Research Cruises

Research cruise preparations

January 2016

At the National Oceanography Centre in Southampton, we are busy preparing for our 2 month cruise to the Mid Atlantic Ridge scheduled for July and August, 2016. Although our cruise was postponed by 9 months due to external vessel operational reasons, the delay coincides with a similar delay for the work-package 1 cruise by our GEOMAR partners, and as a result the logical order in which both cruises are run has been restored. The Geomar cruise will include the acquisition of some vital site survey information to help constrain the targets for our cruise. Our cruises will both study the ‘TAG’ segment of the Mid-Atlantic Ridge at 26°N.The objective of our cruise is to develop tools to: • test new technologies to characterise the in-situ physical, geophysical, mineralogical and chemical structure and composition of eSMS deposits. • To collect samples, by deep-sea drilling, of eSMS deposits from tens of metres below the seafloor. On June 30th 2016, the NERC research vessel RRS James Cook will sail from Southampton Oceanography Centre, England, over 2000km to 26°N on the Mid-Atlantic Ridge. We will be carrying a large array of tools developed for the project including new electro-magnetic surveys sensors and a seafloor drilling rig that will be optimised for drilling up to 55m long cores into the seafloor.

research ship RRS james cook Once on site, we will focus our research on a characterisation of the extinct seafloor massive sulphide deposits known collectively as the MIR and ALVIN zones. These zones comprise areas of massive sulphide but without the high temperature fluid flow known as ‘black smokers’. They are also area where the hydrothermal chemosynthetic fauna are absent. The nearby active TAG hydrothermal mound has been well studied in the past and the data from it will be used to compare to our results, but we will not collect any new data from the TAG site itself. We will return to Southampton on the 24th of August making this one of the longest expeditions of the RRS James Cook.
 existing bathymetry 144x207       high res bathymetry 144x187

Target Area

Existing bathymetry for the MAR at 26°N shows the axial valley (deep areas more than 3000m coloured dark-green and blue) the ridge flanks (shallow areas less than 3000m coloured yellow and orange) and the location of the 3 x 4 km study area (in set square). This map is derived from ship-board swath sonar and has a resolution of 100m square which is too low to identify a single sulphide mound. High-resolution (2m square gridded) bathymetry of the study area shows the location of the active TAG hydrothermal mound (in the south), a number of eSMS deposits (circled), plus and a broad area of massive sulphides called the Alvin Zone in the north (cross-hashed). The map clearly shows a shallow area, less than 3000m (coloured orange) that is part of the eastern flank of the Mid-Atlantic Ridge, and a deeper area greater than 3000m (coloured green and blue). Individual circular sulphide mounds, 100m to 200m in diameter are clearly visible.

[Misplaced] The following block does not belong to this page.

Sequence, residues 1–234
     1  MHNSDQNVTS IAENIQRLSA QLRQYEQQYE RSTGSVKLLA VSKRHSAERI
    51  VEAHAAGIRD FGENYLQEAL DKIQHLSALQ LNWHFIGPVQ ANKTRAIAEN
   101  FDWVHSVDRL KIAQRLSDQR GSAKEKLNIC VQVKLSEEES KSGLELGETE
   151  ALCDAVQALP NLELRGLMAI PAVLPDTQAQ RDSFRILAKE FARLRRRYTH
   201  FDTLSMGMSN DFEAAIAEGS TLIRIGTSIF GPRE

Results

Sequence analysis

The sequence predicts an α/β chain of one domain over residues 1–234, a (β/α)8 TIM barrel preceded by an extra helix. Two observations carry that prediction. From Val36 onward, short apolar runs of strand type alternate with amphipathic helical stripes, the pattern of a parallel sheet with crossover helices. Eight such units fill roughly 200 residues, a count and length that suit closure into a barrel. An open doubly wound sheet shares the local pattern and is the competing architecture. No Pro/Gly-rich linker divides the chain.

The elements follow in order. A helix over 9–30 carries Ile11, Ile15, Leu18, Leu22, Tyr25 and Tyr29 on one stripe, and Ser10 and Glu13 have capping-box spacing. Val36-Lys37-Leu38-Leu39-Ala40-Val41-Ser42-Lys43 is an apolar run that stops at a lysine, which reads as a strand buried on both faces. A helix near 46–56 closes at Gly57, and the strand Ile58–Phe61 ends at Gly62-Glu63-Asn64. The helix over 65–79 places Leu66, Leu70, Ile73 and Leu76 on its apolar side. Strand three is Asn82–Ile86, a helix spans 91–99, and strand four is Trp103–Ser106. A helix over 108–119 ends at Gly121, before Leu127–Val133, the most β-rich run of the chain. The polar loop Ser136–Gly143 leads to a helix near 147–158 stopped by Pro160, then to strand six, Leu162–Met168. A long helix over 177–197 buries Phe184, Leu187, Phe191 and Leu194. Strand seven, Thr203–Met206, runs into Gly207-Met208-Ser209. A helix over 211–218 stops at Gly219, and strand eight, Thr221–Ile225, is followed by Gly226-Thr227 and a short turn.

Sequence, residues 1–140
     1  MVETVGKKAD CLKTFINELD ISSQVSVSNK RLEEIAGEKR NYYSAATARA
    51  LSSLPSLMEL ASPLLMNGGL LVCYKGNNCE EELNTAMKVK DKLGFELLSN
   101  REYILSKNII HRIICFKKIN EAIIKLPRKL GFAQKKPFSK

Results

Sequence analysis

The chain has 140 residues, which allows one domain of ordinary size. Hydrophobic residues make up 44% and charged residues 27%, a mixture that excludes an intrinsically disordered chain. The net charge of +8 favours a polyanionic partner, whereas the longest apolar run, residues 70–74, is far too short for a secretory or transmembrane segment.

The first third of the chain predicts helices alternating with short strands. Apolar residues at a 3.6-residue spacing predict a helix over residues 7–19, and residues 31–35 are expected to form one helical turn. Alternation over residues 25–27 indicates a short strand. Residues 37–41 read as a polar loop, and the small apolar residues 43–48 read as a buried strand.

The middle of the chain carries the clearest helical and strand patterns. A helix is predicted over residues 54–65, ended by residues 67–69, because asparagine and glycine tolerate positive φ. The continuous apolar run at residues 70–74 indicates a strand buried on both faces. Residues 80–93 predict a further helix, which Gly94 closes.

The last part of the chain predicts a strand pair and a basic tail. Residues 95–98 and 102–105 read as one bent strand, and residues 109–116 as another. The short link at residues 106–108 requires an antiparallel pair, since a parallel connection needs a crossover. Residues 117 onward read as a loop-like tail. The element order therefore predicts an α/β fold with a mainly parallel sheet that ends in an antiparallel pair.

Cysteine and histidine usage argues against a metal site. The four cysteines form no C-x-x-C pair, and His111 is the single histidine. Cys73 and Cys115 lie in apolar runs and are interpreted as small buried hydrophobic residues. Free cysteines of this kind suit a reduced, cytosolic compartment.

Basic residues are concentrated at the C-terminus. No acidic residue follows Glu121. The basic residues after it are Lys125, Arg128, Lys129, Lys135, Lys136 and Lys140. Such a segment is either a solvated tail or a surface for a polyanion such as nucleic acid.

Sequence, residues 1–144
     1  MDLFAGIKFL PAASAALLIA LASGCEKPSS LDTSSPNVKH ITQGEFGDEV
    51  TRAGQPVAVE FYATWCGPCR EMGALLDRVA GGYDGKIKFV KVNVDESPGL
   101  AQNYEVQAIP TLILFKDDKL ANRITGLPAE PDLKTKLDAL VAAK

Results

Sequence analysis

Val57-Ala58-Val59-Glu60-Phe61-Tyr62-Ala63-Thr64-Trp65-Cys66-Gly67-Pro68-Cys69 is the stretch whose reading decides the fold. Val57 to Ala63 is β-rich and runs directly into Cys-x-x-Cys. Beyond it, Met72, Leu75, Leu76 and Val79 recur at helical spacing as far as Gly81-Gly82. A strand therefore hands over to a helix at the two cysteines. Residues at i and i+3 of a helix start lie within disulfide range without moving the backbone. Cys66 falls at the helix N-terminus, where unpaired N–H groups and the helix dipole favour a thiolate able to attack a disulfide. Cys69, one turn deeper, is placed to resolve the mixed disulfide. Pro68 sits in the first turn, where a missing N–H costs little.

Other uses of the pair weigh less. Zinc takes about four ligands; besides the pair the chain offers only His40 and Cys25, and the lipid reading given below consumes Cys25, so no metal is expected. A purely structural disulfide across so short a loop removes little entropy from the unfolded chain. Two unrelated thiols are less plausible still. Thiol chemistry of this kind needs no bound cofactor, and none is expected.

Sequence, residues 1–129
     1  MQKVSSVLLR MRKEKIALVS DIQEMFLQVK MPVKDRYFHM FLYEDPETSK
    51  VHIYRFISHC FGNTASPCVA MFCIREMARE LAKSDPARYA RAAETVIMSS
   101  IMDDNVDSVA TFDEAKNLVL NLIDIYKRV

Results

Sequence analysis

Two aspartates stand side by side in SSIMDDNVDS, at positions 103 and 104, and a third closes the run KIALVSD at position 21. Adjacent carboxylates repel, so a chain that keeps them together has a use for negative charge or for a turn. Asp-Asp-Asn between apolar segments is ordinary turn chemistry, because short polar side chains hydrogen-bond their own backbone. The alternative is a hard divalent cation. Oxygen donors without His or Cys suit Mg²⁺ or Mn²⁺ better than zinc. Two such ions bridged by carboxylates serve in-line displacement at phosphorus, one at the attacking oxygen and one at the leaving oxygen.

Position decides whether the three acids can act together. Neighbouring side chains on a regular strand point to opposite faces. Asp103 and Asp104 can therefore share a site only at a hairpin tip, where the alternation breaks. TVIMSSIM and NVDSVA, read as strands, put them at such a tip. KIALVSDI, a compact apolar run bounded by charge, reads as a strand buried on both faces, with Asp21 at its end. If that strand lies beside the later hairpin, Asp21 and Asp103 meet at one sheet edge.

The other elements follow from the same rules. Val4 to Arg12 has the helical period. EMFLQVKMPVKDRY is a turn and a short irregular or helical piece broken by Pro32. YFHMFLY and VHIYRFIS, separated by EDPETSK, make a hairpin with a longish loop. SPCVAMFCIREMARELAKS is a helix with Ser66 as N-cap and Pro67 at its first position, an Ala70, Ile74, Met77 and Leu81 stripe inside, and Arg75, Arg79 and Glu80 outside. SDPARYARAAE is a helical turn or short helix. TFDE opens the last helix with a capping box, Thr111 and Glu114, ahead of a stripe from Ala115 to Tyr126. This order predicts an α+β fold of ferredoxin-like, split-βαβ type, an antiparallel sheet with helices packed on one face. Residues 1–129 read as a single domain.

The high-resolution data were collected in the 1990’s and kindly provided by Susan Humphries of Woods Hole Oceanographic Institution. They were reprocessed by Tim LeBas

 3D bathymetry of the study area

Target Sulphide Mounds

3D bathymetry of the study area indicates the roughness of the seafloor and the proposed study targets (white circles). No vertical exaggeration.
The image is based on the high-resolution (2m square gridded) bathymetry of the study area and has been propjected from the south. The ridges running approximately N-S are formed by lines of small volcanoes and fault structures, and pose an operational difficulty when we tow our near-bottom instruments over them.

 3D bathymetry of the hydrothermally active TAG mound

Example – the active ‘TAG Mound’

3D bathymetry of the hydrothermally active TAG mound. This is not a research target for Blue Mining, but previous studies including drilling in the 1990’s will provide a comparison to our results from the hydrothermally inactive mounds. A major difference between the active mound and inactive SMS is the presence or absence of anhydrite. This mineral is a calcium sulphate and dissolves at temperatures lower than ~120°C. At the active TAG mound, anhydrite is a major component of the gangue rock subsurface, but it is probably dissolved at the inactive mounds. We are also interested If the fate of copper and gold in the inactive SMS after high-temperature fluids flow has ceased.

 3D bathymetry of the hydrothermally inactive ‘New mound’

Example – the inactive ‘New Mound’

3D bathymetry of the hydrothermally inactive ‘New mound’. This is one of our main research targets for Blue Mining, and will be included in the geophysics and drilling campaign. The mound is quite rough and will require a seafloor survey to establish flat benches to place the 6 tonne drilling rig on. The mound is ~200m in  diameter and is thus of a similar size to the active TAG mound. In addition to this mound, we will survey and sample other areas of exposed seafloor sulphide including the MIR zone. Drilling targets will also be identified from the geophysics surveys and especially the EM and magnetic study.


Methodologies for assessing extinct seafloor massive sulphides